Picking up the babies by Tommy and his human Cliff
The babies have arrived! It happens every year but we were getting a little worried. In 2014 the first baby arrived on May 12th and in 2015 it was May 18th. We had heard from other wildlife organizations that the babies of other species had come in early this year. As May came and went we were trying to figure out what was going on since we knew that the local flock here in San Diego already had fledglings learning to fly. We also know that in Ocean Beach, the San Diego breeding grounds for Amazons, that the local neighborhoods keep an eye on the nesting locations to make sure they are not disturbed, such as by tree trimmers. Well, the first babies finally arrived on June 9th.
The first babies arrived in about as good a situation as could be expected. There were three babies, they were still pink with some pin feathers starting to appear on two of them and the smallest one had no feathers and its eyes had not opened yet. They came from the same nest, it is always better when you have multiple birds of the same age, it helps lessen the impact of their interaction with humans since we have to hand feed them. We always worry about the first baby "wilding up" if it doesn't have another parrot to sleep near and grow up with in the "nest" we provide them here at the sanctuary. A tree trimmer was the cause of these guys losing their nest but at least he took them down to the local Humane Society for rescue. These three are doing great and we will be posting videos of these three as they grow from all pink to fully feathered. The best place to keep up witht there progress is at our Facebook page: https://www.facebook.com/socalparrot
It appears that we are making up for waiting so long for the young parrots. After our three babies came in, we have taken in 11 fledgling Amazons in 7 days! We were lucky enough to be able to reunite one of these guys with its parents the following day. One day makes a huge difference in their ability to understand the concept of flying. Sometimes one extra day is all they need. So far everyone is healthy and growing, a welcomed sight after dealing with all of the parrot shootings. We also received a mitred conure in the middle of all the fledglings that is an adult that had a bad head strike. His bruised and chipped beak shows us how hard he hit something but his x-rays were negative and he eats like he's never seen food before. So here's to keeping everyone healthy this and getting them back into the wild with their flocks.
I also wanted to give you an update you from our last report. The good news is that we have not had any parrots shot in San Diego that we know of since April 3rd. The investigation to find the shooters is still being handled by the Department of Animal Services (DAS). I wish I could give you an update on their investigation but they will not tell us any details of their progress since it is an active investigation. All I can tell you is that there are currently no suspects even though we have passed on multiple leads reported to us by the neighbors of several of the possible shooters. We hope DAS has success at some point in their investigation.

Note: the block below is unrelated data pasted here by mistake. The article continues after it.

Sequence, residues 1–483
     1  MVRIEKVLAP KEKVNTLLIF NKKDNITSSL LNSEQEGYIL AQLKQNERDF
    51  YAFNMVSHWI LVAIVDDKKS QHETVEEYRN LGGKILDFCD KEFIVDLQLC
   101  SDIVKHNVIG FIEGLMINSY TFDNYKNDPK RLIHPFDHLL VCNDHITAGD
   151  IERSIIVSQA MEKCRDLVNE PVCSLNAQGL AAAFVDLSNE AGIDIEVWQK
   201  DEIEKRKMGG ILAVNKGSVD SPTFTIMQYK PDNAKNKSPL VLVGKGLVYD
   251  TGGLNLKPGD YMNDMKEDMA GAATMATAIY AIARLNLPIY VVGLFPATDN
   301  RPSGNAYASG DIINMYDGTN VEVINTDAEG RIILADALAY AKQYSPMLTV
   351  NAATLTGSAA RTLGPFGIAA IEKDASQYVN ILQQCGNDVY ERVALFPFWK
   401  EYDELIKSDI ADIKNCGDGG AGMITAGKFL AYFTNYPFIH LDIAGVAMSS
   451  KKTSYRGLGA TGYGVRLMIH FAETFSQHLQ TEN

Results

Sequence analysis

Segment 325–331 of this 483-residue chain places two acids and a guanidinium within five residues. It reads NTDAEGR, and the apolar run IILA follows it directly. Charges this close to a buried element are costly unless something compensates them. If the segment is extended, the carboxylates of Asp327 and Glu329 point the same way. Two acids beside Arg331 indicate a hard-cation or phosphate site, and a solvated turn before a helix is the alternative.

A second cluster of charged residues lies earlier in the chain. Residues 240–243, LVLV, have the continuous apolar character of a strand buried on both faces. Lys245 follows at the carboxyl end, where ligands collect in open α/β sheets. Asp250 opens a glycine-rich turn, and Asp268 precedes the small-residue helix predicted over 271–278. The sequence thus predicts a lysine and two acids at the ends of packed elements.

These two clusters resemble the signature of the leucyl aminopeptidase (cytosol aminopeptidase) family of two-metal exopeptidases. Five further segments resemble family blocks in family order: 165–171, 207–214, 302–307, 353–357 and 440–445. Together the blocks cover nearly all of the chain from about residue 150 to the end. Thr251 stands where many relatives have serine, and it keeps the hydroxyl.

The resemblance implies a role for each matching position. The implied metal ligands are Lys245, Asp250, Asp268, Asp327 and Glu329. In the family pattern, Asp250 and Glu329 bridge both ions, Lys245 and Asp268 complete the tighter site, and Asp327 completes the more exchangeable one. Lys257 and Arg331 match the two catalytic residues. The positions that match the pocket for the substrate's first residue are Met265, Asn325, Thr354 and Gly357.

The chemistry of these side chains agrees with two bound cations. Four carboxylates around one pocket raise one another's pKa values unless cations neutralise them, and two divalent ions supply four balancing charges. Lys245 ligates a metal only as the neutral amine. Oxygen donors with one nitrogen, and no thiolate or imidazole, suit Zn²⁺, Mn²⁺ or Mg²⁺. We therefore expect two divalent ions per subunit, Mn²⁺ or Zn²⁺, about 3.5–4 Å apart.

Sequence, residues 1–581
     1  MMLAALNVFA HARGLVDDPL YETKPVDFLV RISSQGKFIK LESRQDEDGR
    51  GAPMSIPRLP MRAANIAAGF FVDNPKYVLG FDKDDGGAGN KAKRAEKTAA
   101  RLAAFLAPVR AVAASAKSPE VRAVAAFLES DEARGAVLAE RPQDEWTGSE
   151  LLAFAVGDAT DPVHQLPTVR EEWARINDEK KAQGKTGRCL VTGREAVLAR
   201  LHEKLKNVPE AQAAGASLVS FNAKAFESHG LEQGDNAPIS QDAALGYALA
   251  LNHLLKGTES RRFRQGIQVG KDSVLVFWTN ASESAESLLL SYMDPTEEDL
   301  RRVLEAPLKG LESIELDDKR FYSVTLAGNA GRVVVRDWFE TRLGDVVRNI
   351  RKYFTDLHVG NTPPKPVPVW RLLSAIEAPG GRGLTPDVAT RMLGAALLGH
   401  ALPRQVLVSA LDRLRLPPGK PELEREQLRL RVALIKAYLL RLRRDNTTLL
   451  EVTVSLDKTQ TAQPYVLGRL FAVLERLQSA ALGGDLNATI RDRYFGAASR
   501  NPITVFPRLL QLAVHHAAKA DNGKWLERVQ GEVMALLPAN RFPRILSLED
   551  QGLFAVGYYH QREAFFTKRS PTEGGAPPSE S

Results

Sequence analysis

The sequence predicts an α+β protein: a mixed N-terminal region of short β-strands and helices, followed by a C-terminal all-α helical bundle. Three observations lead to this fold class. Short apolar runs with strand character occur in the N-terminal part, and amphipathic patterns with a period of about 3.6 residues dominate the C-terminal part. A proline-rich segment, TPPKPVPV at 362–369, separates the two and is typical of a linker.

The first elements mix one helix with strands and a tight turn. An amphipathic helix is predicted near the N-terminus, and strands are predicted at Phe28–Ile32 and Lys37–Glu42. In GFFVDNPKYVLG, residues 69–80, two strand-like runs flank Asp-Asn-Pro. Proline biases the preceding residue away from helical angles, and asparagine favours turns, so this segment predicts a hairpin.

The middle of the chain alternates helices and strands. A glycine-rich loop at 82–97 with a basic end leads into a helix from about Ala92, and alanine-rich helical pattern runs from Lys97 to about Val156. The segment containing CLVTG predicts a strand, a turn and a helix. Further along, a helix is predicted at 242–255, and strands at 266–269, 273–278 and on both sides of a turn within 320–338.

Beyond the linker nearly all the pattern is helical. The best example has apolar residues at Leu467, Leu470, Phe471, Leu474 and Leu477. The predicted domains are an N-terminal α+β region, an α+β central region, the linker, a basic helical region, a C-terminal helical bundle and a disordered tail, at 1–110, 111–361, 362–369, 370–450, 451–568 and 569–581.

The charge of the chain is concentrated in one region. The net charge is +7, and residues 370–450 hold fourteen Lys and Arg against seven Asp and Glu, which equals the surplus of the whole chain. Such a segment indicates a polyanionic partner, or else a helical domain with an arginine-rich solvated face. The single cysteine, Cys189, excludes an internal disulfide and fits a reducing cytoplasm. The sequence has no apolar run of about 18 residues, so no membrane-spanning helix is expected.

The last parrot shooting that was reported to us was from East Los Angeles. One of our transport team volunteers drove up north to pick this parrot up from the man who saw it shot. This parrot unfortunately had a shattered wing with compound fractures. If this parrot were to survive, at the very least his wing would have to be amputated. We disucssed this case intensely before we decided that euthanization was the most humane decision in this particular case. There were tears shed having to make this decision for an animal that was living free a few days earlier. This is the hard part of our job. What makes it worse is what happened next when we told the man who called us about this parrot in the first place. This man watched as his neighbor shot the parrot but said nothing to the neighbor. He heard the parrot scream in pain and fall to the ground. He knew the shooter and still said nothing. He was able to get to the parrot immediately and call us to pick up and try and save its life. When we notified this man what was decided, he was as hurt by it as we were. But when he called back to call us every name in the book for our decision, it's really frustrating. He told us that he would have gladly cared for this parrot for the rest of its life in a cage. It's tough when the public doesn't understand that these are wild birds, not pets. They do not want human interaction, we are predators in their eyes. I can't imagine the life that bird would have suffered by having its wing removed and then put in a cage for the rest of its life. The man had no parrots of his own so this parrot would have no flock members to rely on for care and comfort. Who knows, maybe we were wrong in our decision, but all we can do is what we think is best for each individual.
If you have a chance, check out this very well done video on the harm that the illegal pet trade has on parrots. This video actually focuses on the Red-crowned Amazon, the most abundant wild parrot in Southern California and also the most endangered. The video can be seen at https://www.youtube.com/watch?v=LcJ_v9tjYaE. I have also attached a link below.
Babies one week older
Mitred conure recovering from a head strike